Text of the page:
Researchers asked overweight individuals to eat different types of fat to see if one type was better or worse for a fatty liver disease diet.
Fatty liver disease occurs when too many fat cells accumulate in the liver. Many patients are symptomless but people with fatty liver disease can end up with cardiovascular problems and type 2 diabetes. Ultimately, if the fatty liver disease is not addressed, the liver can scar and not work properly, causing serious health issues.
A major risk factor for developing fatty liver disease is obesity. However, researchers have long been aware that some overweight individuals develop fatty liver disease whilst others do not.
A group of researchers based in Europe designed a study to test whether the actual type of fat in the diet makes a difference to the amount of fat that ends up accumulating in the liver and causing fatty liver disease. The findings of the fatty liver disease diet were published in Diabetes Care.
To test the theory, 38 overweight individuals were split into three different groups. Whilst continuing on the daily food they normally eat, they were asked to eat 1000 calories extra a day of a certain type of fat for three weeks. One group ate a diet of fats that were mainly saturated including coconut oil, butter, and blue cheese. A second group consumed a diet of mainly unsaturated fats including olive oil, pesto, pecan nuts, and butter. Finally, a third group ate a diet of sugar including juice, sugar-sweetened beverages, and candy.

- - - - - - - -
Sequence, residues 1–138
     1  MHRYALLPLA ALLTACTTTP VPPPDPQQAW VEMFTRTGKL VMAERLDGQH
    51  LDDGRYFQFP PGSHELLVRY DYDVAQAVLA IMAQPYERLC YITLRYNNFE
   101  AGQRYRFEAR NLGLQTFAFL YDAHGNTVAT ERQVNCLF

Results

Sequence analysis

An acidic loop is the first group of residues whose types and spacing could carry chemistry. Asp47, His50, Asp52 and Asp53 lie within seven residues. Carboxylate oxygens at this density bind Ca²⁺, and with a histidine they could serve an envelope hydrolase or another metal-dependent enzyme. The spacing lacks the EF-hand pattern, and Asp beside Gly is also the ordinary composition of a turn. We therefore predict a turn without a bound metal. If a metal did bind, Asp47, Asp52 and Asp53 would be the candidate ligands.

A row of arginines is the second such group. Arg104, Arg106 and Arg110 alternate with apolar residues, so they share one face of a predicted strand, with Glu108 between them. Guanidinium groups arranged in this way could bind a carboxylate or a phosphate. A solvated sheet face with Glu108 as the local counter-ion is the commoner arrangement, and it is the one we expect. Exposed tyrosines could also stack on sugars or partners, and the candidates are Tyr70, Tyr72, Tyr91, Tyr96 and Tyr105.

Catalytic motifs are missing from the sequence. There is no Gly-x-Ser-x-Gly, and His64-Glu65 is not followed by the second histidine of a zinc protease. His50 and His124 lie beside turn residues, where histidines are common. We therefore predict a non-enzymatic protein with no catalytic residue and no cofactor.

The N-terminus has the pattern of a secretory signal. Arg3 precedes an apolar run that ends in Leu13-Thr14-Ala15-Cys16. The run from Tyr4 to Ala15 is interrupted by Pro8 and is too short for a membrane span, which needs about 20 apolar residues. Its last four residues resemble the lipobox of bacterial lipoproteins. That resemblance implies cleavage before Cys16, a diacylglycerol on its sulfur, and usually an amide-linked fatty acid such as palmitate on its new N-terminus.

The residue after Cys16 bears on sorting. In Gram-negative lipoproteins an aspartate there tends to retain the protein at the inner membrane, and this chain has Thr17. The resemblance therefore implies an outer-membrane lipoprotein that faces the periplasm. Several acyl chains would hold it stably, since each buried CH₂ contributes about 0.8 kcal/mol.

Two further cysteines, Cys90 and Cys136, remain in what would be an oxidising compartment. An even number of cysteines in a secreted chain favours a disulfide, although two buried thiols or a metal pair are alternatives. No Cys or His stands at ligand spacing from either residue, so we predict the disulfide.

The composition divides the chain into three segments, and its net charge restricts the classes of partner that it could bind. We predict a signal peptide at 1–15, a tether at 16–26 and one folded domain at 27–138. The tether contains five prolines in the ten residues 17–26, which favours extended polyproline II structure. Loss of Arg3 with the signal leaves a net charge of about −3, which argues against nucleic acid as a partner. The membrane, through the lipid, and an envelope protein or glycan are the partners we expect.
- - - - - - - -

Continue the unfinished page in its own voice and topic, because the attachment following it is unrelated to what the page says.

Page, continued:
Researchers took several measurements before the study started, and at the end of the three weeks. These included levels of fat in the liver and metabolic processes within the body of fat production.
The results showed that all the diets produced an increase in the amount of fat in the liver, as expected from eating an extra 1000 calories a day. However, the diet rich in saturated fats produced a greater amount of liver fat than the other diets. The saturated fat diet also produced metabolic processes that increase the risk of cardiovascular disease, and insulin resistance (which leads to type 2 diabetes).
The researchers concluded that the fatty liver disease diet is an important component of care for patients with fatty liver disease. They recommend that saturated fats should be avoided by individuals with fatty liver disease in order to reduce the amount of liver fat and prevent the associated risk of type 2 diabetes.
Written by Nicola Cribb, VetMB DVSc Dip.ACVS
Reference: Luukkonen P, Sädevirta S, Zhou Y, et al. Saturated Fat Is More Metabolically Harmful for the Human Liver Than Unsaturated Fat or Simple Sugars. Diabetes Care. 2018;41(8):dc180071. doi:10.2337/dc18-0071.